I’ve been dreading completing my first blog post. I was avoiding it at all costs, rationalizing its postponement for just a little bit longer each time I opened up this website. It’s taken me until now, but I finally understand why I was so uneasy. Continue reading “On the fear of creating waste”
Why is it that almost every disaster movie, whether it is natural, alien, zombie, etc, occurs in the United states. I’m not saying that there are not plenty of disaster movies that occur in other countries. One disaster movie that I enjoy in particular is Train to Busan, a zombie movie that occurs in South Korea. However, I find that the majority of popular disaster movies occur somewhere in the United States. More specifically, these movies tend to focus on a select few states like New York, California, and the nation capital, Washington DC. Does this simply occur due to the shear amount of movies that are produced in the US, or is there more symbolic reason behind it. I obviously cannot provide you with this answer, but I will give you my opinion.
Applying this to the question of why so many disaster movies are set in the US, we can see a few explanations. One possibility is that these states are highly populated and with plenty scenic views that many city or suburban dwellers could relate to. A second option is that these types of cities/states can be found all over the world and are more cost effective to film in since they are closer to Hollywood than, lets say China. A third and my last idea as to why this happens is due to hometown bias illustrated by some Hollywood producers. It is my personal belief that it is a mix of all of these options that lead to most disaster movies being produced in the US. According to www.Statista.com, the US produces the highest movie revenue of any country. Even though they are far from producing the most amount of movies each year, it can be said that more people pay for movies produced in the US than that of other countries. Therefore, it can be said that if any of these ideas are correct (if any) it sure does show.
Regardless of what causes movie producers to set most disaster movies in the US, they are using the US as an effigy. They can’t set a movie in every country and therefore choose to do it in one. Directors and producers are using the US as a stage for what is happening in the rest of the world. Going back to our course discussion on Joseph Roach’s “Echoes in the Bone”, Roach defines the word, “effigy” as,
“a noun meaning a sculpted pictured likeness. More particularly it can suggest a crudely fabircated image of a person, commonly one that is destroyed in his or her stead, as in hanging or burning in effigy. When effigy appears as a verb, though that usage is rare, it means to evoke an absence, to body something forth, especially something from a distant past (OED)[…]it fills by means of segregation a vacancy created by the absence of an original” (Joseph Roach).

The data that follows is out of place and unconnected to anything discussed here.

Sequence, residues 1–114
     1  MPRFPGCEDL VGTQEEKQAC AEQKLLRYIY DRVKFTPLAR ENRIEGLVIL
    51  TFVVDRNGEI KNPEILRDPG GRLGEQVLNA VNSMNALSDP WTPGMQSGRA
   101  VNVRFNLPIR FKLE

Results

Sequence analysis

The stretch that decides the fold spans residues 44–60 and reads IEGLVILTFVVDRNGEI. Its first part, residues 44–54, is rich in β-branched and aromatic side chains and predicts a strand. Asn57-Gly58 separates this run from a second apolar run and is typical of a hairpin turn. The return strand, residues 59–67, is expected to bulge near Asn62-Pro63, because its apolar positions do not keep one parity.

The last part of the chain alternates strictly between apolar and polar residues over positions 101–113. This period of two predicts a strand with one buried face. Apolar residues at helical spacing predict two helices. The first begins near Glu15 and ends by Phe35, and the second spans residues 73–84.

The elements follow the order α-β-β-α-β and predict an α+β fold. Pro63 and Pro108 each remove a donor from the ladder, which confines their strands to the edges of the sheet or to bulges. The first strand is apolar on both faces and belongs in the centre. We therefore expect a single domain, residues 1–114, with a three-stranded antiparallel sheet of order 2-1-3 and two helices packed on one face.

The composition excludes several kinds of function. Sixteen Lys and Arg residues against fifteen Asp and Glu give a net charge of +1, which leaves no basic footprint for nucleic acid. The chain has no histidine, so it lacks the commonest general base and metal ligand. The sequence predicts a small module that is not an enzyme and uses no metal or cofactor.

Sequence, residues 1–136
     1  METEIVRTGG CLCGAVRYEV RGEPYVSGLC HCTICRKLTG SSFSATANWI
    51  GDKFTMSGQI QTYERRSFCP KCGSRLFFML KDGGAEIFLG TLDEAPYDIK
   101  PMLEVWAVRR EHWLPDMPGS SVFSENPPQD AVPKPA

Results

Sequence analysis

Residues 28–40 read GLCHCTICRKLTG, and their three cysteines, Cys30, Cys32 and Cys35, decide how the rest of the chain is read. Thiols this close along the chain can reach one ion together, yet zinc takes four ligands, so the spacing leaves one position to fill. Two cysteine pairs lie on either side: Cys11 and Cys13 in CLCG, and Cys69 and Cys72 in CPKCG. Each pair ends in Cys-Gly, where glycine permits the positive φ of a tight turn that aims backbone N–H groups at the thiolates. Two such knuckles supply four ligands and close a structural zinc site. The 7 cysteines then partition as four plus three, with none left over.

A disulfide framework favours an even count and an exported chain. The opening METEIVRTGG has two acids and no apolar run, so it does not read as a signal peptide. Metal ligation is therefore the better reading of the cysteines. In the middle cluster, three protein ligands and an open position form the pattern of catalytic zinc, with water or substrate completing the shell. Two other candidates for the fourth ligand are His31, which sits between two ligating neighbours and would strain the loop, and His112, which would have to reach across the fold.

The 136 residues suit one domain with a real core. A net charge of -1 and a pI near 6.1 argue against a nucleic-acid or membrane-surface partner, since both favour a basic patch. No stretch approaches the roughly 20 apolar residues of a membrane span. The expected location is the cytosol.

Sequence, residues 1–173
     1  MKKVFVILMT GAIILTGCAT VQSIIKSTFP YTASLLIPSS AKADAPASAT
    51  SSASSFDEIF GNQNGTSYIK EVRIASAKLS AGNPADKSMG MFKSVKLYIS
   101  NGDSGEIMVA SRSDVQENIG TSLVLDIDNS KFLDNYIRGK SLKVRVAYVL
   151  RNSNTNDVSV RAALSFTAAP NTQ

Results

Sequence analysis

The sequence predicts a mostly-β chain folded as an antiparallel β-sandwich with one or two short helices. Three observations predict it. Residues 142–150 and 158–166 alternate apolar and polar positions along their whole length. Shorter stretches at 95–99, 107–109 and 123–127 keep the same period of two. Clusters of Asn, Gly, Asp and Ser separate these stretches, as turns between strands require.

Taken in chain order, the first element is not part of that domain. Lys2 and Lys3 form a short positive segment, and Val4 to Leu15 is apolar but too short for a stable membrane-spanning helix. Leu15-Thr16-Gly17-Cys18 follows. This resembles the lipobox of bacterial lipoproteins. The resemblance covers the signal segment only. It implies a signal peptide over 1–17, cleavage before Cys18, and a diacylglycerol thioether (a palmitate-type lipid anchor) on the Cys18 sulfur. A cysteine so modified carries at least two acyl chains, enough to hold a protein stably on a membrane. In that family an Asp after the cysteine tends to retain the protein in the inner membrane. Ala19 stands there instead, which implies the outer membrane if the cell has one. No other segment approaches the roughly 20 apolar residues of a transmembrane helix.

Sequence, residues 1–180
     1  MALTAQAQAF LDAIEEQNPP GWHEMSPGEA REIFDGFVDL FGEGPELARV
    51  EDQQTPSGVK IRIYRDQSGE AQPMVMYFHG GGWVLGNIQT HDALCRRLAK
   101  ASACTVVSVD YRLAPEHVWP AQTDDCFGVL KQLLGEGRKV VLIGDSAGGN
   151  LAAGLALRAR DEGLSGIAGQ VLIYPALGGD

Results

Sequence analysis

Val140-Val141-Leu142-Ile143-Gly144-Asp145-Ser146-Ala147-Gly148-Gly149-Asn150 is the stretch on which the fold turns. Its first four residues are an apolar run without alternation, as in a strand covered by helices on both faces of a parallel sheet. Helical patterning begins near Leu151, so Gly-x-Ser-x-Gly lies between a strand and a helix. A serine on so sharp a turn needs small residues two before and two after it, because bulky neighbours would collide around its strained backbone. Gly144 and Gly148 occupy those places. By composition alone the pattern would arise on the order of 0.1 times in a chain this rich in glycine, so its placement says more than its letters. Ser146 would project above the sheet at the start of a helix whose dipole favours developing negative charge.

As to why these producers use the US as an effigy, I can not definitively say; however, they are doing so nonetheless. In doing so, they seem to act according to one one of two reasonings.
They might be acknowledging the limitations of movies and using specific locations of economic and/or cultural importance. These sites are usually well-known regardless of where the movie is released and are therefore going to be seen as at least somewhat familiar to viewers, even if they have never visited the site. Additionally, through this well-known state/city/landmark, they represent the world at large. It “fills by means of segregation a vacancy created by the absence of an original”. Since the whole world would be both difficult and expensive to film for a singular movie, they use what is closest and what is well known. For example. I want you to look at these two pictures. One is a picture of New York and the other is a picture of Beijing. Picture 1. Picture 2. Ignoring the names of the cities being present in the links, how easy is it to tell which picture is of which city? Sure there are certain landmarks unique to each one, but a city is a city is a city.
The second option, is very much like the first. However, they are using the US as a representation of the world, not because it is what they are limited to, but because it is what they know. Again, the situation is the same in that a city is a city is a city; however, here it is simply because they know nothing else. Writers who try to depict what they are unfamiliar with, might have a hard time doing so. Sure they have the internet to look at pictures and articles about various locations, but without ever experiencing the land for themselves, a true representation might never be achieved. Therefore they write about their home country/state as they are familiar with it at even the street level. If a writer really wanted to illustrate another country that they had never visited, they could hire an informant who could help them bring their illustration to life, but that costs time and money.
I honestly cannot say which of these options are the right answer even if there was an answer period. I believe that the reason could be a mix of each in that setting placement is a matter of time, money, familiarity, and ability to illustrate. Though producers, directors, and writers may have their own agendas beneath the overall reasoning, again I will say, they use the US as an effigy to represent the world at large.
“Echoes in the bone refer to not only to a history of forgetting but to a history of empowering the living through the performance of memory.” —Joseph Roach, “Echoes in the Bone”
I felt my most profound stirring at the Yad Vashem Holocaust Museum in Jerusalem when I entered the Children’s Memorial. Continue reading “Instruments for and against memory”
Borderline Personality Disorder
A pervasive pattern of instability of interpersonal relationships, self-image, and affects, and marked impulsivity, beginning by early adulthood and present in a variety of contexts, as indicated by five (or more) of the following: